By plugging the light string to the Light Keeper Pro and clicking the trigger, you send a short burst of current through the string. This electrical current is designed to unclog the shunts. And it works!!
It’s amazing to watch as a string of lights that was previously only half lit, come completely to life afterward. Watch the video as Steve troubleshoots a string of white Christmas lights that is only half lit. After replacing a broken bulb and then clicking the Light Keeper Pro 30 times, the entire string of Christmas lights is fixed!
What Else Does Light Keeper Pro Do to Fix Light Strings?
Watch this video as Brian Gleason of Light Keeper Pro explains how to solve that age-old problem of repairing light strings that stop working.
The Light Keeper Pro is also designed to check continuity, looking for broken wires or burned out bulbs. It also has a socket to test individual bulbs and lights them up if they aren’t burned out. And one more thing it has is a tool for helping you pull the bulbs out of the string so you don’t need to break fingernails.
So this year, we hope you put up your strings of lights or add to the ones you keep up year-round you’ll be singing a happy tune rather than muttering and grumbling about the people who created those miniature lights.
Very Important Note About the Original Light Keeper Pro:
The Original Light Keeper Pro is not designed to work on LED, rope sets or light sets with controllers.
We purchased our Light Keeper Pro at a local retail store, but it isn’t something they stock any longer. However, we know for sure that you can purchase the Light Keeper Pro at Amazon.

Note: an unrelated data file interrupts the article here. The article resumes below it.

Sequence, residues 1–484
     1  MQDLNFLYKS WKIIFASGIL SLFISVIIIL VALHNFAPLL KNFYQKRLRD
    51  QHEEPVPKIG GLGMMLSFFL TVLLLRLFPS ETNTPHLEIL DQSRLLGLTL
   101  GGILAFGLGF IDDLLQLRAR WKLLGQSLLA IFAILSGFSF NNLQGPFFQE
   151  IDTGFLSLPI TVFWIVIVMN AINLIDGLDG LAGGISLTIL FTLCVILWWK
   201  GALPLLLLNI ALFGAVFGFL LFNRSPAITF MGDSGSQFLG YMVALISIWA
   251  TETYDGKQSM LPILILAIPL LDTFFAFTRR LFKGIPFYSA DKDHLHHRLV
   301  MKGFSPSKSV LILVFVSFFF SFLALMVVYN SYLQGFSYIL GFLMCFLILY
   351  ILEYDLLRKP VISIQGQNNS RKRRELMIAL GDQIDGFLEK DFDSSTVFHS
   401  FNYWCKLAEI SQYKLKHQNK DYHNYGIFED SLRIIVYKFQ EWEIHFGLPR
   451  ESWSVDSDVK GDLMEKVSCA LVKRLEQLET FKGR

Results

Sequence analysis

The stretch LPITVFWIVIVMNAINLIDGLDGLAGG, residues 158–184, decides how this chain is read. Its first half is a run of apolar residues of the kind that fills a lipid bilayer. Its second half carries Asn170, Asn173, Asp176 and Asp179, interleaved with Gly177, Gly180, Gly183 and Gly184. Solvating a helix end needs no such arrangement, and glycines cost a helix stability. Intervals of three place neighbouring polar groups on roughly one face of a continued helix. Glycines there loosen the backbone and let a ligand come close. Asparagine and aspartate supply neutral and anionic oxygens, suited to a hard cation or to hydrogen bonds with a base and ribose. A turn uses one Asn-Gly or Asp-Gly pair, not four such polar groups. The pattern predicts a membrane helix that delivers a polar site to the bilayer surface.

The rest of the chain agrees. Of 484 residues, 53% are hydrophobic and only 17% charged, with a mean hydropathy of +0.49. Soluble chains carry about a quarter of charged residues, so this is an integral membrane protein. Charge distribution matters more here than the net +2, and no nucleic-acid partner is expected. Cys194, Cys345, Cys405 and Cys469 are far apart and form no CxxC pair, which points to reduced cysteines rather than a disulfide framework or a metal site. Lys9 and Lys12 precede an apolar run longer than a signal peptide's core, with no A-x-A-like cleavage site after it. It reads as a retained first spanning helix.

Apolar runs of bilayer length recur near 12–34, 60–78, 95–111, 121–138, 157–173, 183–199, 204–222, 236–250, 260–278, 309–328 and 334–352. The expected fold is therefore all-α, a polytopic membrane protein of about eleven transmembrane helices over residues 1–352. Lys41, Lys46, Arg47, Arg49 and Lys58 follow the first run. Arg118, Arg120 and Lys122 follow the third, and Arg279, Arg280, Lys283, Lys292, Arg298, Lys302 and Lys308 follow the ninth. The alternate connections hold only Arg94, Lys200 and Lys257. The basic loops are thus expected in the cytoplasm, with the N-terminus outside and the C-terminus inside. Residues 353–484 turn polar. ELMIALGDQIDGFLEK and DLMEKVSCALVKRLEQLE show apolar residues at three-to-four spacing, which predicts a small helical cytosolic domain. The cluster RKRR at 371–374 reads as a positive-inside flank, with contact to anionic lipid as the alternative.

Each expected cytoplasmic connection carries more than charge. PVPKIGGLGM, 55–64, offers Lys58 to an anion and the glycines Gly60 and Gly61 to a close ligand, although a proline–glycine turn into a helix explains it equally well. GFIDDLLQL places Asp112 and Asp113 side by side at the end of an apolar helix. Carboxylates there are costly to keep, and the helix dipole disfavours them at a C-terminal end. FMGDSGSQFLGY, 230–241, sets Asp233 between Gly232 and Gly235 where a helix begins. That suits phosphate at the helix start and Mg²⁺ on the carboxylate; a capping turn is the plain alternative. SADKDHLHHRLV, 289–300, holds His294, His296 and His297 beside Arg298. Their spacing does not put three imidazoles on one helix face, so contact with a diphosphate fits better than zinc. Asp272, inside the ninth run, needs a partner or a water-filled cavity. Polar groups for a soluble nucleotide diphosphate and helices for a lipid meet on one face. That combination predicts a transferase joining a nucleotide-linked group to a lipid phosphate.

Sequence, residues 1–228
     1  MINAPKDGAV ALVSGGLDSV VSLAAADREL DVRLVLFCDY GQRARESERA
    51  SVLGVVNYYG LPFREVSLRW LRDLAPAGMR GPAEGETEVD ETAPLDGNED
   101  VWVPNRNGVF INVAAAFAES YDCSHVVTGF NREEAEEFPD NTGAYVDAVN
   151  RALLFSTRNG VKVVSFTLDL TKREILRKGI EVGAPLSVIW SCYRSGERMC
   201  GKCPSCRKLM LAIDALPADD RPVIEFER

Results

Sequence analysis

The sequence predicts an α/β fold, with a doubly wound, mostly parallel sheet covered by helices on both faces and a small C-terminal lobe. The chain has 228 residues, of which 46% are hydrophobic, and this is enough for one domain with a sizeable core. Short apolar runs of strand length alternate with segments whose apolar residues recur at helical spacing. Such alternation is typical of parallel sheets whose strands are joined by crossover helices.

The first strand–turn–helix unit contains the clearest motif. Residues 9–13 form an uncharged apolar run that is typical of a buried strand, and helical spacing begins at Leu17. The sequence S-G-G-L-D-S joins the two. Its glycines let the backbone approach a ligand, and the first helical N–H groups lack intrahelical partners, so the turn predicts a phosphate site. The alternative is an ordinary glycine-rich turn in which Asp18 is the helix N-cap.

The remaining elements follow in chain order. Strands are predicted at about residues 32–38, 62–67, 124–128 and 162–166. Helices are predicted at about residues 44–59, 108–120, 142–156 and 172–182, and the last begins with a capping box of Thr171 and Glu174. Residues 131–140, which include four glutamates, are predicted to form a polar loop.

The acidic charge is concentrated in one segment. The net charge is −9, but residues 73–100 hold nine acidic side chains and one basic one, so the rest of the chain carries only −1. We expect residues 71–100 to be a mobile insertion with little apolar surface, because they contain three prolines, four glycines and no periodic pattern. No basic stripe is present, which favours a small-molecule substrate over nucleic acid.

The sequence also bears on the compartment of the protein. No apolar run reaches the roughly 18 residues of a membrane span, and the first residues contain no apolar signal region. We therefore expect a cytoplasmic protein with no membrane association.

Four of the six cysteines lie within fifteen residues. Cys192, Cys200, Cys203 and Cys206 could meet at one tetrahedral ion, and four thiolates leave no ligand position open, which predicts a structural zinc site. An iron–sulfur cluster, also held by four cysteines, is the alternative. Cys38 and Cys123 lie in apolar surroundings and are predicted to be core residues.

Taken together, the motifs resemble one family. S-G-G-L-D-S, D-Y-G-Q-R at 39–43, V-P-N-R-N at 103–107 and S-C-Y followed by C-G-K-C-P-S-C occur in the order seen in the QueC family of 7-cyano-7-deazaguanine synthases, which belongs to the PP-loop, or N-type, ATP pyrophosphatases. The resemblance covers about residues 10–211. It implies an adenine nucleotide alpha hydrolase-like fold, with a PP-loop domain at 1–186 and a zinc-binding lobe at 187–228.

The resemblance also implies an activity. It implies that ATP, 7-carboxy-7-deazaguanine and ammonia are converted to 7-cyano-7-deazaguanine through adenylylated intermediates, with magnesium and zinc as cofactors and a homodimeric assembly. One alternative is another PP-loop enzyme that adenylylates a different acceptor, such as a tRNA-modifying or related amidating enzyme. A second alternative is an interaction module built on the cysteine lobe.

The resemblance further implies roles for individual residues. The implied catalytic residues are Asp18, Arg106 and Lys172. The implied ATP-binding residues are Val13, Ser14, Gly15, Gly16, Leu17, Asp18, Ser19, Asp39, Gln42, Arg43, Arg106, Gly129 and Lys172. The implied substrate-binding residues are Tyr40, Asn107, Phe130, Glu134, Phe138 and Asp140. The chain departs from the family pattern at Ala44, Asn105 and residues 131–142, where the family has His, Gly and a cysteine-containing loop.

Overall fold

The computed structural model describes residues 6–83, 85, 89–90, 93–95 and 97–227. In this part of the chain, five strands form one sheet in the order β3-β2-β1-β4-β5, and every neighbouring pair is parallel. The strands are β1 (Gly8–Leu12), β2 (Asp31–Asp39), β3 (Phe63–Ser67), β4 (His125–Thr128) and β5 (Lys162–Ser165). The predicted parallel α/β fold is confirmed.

Light Keeper Pro for LED have designed a new product that works with LED and other types of lights – we haven’t tested it, but if they make it, we’re pretty sure that it’s going to work great!
I use old Hot Sparks to light my bar-b-que. After the butane runs out the spark will light a gas bar-b-que as long as you turn on the gas. It works great. I’ve been doing this for at least 5 years. The Hot Spark has a magneto inside that will never wear out. Sylvester Meola – Scottsdale, AZ
For those that are sensitive to potpourri here is a recipe that I was given. It works great for removing odors — particularly fish— or for making your house smell like you have been baking!
- 1 to 3 Cinnamon sticks
- Put water in a small pan begin by boiling the water and cinnamon sticks on top of the stove.
- Then simmer for as long as you like. I leave mine on the stove and reuse for days by just adding more water as needed.
- Just remember to check periodically as the water will evaporate and you could end up burning the pan and the cinnamon sticks. Tina Chester – San Bruno, CA
How Old is That Appliance
Over your lifetime you’ll spend thousands of dollars on appliances — washers, dryers, microwaves, refrigerators, freezers, stoves and more. There are always tons of these items listed on CraigsList.org and in newspaper classified ads. The problem is finding appliances that are gently used, in good condition and selling at a good price.
One of the tools we use is a website called Appliance411.com. They’ve got information on buying new appliances, getting repair parts, appliance recalls, hiring a repair person and even a Q&A Forum.
But the coolest part of their website is the date code search page.
When you’re buying a used appliance if you can get the serial number, this website can tell you when it was manufactured. This is a big deal because many people selling used appliances can’t remember exactly how old an appliance is. We know, many years ago we bought a dryer that was supposed to be 10 years-old and when we checked out the serial number we discovered it was 25 years-old. Oh, if we’d only known — we never would have bought that dryer.
If you have a home hacks tip or quick fix to share, please leave it in the comments below and we’ll review it for posting on this page.